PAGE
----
An Electronic System is a physical interconnection of components, or parts, that gathers various amounts of information together.
It does this with the aid of input devices such as sensors, that respond in some way to this information and then uses electrical energy in the form of an output action to control a physical process or perform some type of mathematical operation on the signal.
But electronic control systems can also be regarded as a process that transforms one signal into another so as to give the desired system response. Then we can say that a simple electronic system consists of an input, a process, and an output with the input variable to the system and the output variable from the system both being signals.
There are many ways to represent a system, for example: mathematically, descriptively, pictorially or schematically. Electronic systems are generally represented schematically as a series of interconnected blocks and signals with each block having its own set of inputs and outputs.
As a result, even the most complex of electronic control systems can be represented by a combination of simple blocks, with each block containing or representing an individual component or complete sub-system. The representing of an electronic system or process control system as a number of interconnected blocks or boxes is known commonly as “block-diagram representation”.
Electronic Systems have both inputs and outputs with the output or outputs being produced by processing the inputs. Also, the input signal(s) may cause the process to change or may itself cause the operation of the system to change. Therefore the input(s) to a system is the “cause” of the change, while the resulting action that occurs on the systems output due to this cause being present is called the “effect”, with the effect being a consequence of the cause.
In other words, an electronic system can be classed as “causal” in nature as there is a direct relationship between its input and its output. Electronic systems analysis and process control theory are generally based upon this Cause and Effect analysis.
So for example in an audio system, a microphone (input device) causes sound waves to be converted into electrical signals for the amplifier to amplify (a process), and a loudspeaker (output device) produces sound waves as an effect of being driven by the amplifiers electrical signals.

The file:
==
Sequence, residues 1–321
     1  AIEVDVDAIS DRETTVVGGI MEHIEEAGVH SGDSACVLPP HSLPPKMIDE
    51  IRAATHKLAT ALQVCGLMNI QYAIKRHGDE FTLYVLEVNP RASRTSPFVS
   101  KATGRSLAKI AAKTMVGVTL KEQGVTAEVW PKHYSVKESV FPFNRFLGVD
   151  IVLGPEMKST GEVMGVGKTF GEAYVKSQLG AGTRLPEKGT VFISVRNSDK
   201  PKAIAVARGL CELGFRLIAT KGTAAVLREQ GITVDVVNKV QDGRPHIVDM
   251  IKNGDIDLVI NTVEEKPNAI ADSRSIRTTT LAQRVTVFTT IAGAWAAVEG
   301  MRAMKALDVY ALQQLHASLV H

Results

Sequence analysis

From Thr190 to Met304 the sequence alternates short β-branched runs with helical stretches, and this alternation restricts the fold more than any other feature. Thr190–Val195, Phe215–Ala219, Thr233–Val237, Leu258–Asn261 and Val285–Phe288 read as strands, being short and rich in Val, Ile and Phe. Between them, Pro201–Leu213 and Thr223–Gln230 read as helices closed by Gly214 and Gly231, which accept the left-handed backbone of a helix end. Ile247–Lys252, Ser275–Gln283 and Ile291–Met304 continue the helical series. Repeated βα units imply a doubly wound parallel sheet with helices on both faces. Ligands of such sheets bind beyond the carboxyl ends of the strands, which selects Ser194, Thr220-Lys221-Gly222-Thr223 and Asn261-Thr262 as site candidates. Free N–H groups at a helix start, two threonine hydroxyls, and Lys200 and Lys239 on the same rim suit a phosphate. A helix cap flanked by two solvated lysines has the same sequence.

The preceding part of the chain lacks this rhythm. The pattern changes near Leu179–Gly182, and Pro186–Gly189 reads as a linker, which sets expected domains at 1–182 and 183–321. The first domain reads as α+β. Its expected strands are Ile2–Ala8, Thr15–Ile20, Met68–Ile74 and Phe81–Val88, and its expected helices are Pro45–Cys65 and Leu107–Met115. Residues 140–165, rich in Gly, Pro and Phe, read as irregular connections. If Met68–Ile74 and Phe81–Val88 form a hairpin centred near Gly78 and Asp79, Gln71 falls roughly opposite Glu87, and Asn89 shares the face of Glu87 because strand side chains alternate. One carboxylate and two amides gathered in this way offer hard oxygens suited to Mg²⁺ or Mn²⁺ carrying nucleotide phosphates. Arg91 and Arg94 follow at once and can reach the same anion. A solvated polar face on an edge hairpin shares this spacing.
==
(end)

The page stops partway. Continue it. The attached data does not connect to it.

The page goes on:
But an electronic system need not be a simple or single operation. It can also be an interconnection of several sub-systems all working together within the same overall system.
Our audio system could for example, involve the connection of a CD player, or a DVD player, an MP3 player, or a radio receiver all being multiple inputs to the same amplifier which in turn drives one or more sets of stereo or home theatre type surround loudspeakers.
But an electronic system can not just be a collection of inputs and outputs, it must “do something”, even if it is just to monitor a switch or to turn “ON” a light. We know that sensors are input devices that detect or turn real world measurements into electronic signals which can then be processed. These electrical signals can be in the form of either voltages or currents within a circuit. The opposite or output device is called an actuator, that converts the processed signal into some operation or action, usually in the form of mechanical movement.
Electronic systems operate on either continuous-time (CT) signals or discrete-time (DT) signals. A continuous-time system is one in which the input signals are defined along a continuum of time, such as an analogue signal which “continues” over time producing a continuous-time signal.
But a continuous-time signal can also vary in magnitude or be periodic in nature with a time period T. As a result, continuous-time electronic systems tend to be purely analogue systems producing a linear operation with both their input and output signals referenced over a set period of time.
For example, the temperature of a room can be classed as a continuous time signal which can be measured between two values or set points, for example from cold to hot or from Monday to Friday. We can represent a continuous-time signal by using the independent variable for time t, and where x(t) represents the input signal and y(t) represents the output signal over a period of time t.
Generally, most of the signals present in the physical world which we can use tend to be continuous-time signals. For example, voltage, current, temperature, pressure, velocity, etc.
On the other hand, a discrete-time system is one in which the input signals are not continuous but a sequence or a series of signal values defined in “discrete” points of time. This results in a discrete-time output generally represented as a sequence of values or numbers.
Generally a discrete signal is specified only at discrete intervals, values or equally spaced points in time. So for example, the temperature of a room measured at 1pm, at 2pm, at 3pm and again at 4pm without regards for the actual room temperature in between these points at say, 1:30pm or at 2:45pm.
However, a continuous-time signal, x(t) can be represented as a discrete set of signals only at discrete intervals or “moments in time”. Discrete signals are not measured versus time, but instead are plotted at discrete time intervals, where n is the sampling interval. As a result discrete-time signals are usually denoted as x(n) representing the input and y(n) representing the output.